To illustrate this, as above: If a child, at the proper age, should not know the ABC, or how to use a fork and knife, etc., this would be a defect on his level, where as it would not be a defect if he did not know philosophy or mechanics. On the other hand, there may be a possibility where the engineer would attempt to give the child some rudimentary knowledge about the construction of a machine, or the philosopher might use a simple parable to put across some element of his philosophy, in a way that the child might grasp it.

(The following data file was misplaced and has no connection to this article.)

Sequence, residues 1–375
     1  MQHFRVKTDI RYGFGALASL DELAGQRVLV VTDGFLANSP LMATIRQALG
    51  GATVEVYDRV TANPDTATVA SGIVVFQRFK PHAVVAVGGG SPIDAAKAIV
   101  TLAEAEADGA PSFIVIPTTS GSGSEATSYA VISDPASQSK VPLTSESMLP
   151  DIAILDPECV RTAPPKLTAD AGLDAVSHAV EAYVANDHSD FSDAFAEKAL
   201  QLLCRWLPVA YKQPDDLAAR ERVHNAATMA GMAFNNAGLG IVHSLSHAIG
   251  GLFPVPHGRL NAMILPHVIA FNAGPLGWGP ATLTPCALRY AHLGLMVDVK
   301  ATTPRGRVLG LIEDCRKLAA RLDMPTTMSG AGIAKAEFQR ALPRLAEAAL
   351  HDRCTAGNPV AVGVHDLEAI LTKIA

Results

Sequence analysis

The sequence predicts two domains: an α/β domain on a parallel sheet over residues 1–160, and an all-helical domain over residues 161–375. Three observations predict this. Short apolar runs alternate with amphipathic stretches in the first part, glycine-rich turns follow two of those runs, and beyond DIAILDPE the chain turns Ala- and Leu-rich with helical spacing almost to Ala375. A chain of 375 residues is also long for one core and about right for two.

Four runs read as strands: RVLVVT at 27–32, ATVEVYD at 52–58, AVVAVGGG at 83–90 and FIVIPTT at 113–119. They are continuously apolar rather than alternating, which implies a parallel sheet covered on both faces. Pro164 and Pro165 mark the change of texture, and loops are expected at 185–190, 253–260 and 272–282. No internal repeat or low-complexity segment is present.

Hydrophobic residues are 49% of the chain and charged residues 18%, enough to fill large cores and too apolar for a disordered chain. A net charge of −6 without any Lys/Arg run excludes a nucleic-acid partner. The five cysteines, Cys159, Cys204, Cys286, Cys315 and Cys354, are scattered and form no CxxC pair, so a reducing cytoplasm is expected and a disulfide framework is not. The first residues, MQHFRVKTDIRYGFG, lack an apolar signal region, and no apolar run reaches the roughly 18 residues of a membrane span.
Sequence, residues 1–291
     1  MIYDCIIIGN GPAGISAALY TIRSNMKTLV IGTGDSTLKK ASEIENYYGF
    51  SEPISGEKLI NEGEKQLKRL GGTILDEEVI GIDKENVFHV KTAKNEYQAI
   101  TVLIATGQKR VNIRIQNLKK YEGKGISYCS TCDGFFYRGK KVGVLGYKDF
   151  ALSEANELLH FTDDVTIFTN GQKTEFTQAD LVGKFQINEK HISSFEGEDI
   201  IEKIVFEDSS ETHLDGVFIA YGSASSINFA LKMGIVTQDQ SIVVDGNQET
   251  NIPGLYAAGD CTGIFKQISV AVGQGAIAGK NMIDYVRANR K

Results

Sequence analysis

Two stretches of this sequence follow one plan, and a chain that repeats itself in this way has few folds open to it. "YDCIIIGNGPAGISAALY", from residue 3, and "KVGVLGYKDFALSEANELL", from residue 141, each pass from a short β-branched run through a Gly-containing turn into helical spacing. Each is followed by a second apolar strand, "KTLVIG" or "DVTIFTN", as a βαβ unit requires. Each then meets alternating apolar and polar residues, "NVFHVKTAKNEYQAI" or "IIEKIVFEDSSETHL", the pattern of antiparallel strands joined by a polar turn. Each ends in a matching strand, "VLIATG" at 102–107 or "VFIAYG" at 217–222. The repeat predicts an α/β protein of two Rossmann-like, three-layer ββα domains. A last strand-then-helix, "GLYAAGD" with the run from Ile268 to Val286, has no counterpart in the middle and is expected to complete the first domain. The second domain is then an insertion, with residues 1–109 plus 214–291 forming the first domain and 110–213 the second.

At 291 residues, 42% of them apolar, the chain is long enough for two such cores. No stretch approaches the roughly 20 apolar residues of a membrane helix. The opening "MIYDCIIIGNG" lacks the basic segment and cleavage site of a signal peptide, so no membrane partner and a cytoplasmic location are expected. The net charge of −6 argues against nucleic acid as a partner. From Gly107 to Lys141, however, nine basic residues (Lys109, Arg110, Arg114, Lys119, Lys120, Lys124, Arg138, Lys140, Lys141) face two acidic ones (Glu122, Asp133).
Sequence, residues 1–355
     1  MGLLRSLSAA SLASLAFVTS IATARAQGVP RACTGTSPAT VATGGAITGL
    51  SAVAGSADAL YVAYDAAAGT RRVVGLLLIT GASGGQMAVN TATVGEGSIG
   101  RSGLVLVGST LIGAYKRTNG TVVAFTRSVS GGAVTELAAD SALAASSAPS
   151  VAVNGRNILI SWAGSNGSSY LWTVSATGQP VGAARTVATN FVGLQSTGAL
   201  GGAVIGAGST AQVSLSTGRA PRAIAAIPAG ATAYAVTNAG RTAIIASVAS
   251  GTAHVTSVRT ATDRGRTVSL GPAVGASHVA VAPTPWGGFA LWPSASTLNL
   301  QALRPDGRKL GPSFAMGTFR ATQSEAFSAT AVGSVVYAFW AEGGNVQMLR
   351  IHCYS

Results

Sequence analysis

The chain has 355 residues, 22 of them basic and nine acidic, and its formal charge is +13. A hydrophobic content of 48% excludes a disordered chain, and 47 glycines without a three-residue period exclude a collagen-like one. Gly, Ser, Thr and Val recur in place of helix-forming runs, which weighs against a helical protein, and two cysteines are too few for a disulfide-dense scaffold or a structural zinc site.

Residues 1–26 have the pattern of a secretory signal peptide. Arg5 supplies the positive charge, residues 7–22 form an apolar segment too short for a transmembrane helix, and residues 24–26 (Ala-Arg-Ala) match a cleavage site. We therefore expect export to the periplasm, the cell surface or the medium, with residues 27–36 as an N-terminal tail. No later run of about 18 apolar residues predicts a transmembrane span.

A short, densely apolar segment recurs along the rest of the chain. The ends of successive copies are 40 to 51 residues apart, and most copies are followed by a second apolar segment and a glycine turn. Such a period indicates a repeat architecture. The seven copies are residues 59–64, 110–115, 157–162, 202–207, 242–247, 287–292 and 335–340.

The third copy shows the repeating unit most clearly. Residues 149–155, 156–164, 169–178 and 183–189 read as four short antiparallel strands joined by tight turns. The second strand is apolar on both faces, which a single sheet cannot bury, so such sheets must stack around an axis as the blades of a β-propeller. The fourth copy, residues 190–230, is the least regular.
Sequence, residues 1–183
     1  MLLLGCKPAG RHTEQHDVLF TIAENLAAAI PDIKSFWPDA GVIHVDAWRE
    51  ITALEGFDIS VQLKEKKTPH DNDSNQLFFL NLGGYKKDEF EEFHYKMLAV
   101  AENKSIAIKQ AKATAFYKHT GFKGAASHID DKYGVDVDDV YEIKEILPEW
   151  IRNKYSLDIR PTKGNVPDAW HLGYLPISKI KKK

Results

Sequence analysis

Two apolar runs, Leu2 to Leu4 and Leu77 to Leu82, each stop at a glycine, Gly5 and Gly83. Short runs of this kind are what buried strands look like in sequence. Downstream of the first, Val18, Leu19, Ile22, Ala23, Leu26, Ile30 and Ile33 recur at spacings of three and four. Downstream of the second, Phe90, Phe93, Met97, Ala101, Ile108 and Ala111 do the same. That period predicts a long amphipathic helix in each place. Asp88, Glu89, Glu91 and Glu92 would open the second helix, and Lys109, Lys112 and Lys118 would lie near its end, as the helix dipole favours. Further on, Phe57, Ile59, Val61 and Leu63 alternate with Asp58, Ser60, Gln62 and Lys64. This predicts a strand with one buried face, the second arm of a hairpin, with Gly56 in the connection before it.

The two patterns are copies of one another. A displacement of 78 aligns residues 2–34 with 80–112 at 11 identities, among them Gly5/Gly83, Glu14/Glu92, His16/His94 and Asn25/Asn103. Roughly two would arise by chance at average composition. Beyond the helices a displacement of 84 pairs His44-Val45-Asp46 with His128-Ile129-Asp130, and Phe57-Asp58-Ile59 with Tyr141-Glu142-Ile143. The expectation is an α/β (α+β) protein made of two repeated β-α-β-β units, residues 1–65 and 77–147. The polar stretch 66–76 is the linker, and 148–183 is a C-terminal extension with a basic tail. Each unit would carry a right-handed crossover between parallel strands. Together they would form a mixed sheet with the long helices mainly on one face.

On the questions of the meaning of the Hebrew word Adam in relation to the soul of the first man, needless to say, Adam, and similarly, Noah, were the fathers of all the peoples of the earth. Generally speaking, until our father Abraham was born, there was no distinction between Jew and non-Jew, although, insofar as their souls were concerned, in their very root, the distinction was implicit.
By way of illustration: When a baby is born, there is no differentiation in the embryo between the various limbs of the body, such as between the head and foot. Later on, however, the organ develops in such a way that the head and brain develop out of a more delicate part than the foot, although previously there was no differentiation between delicate and non-deli cate parts, as there was only one entity.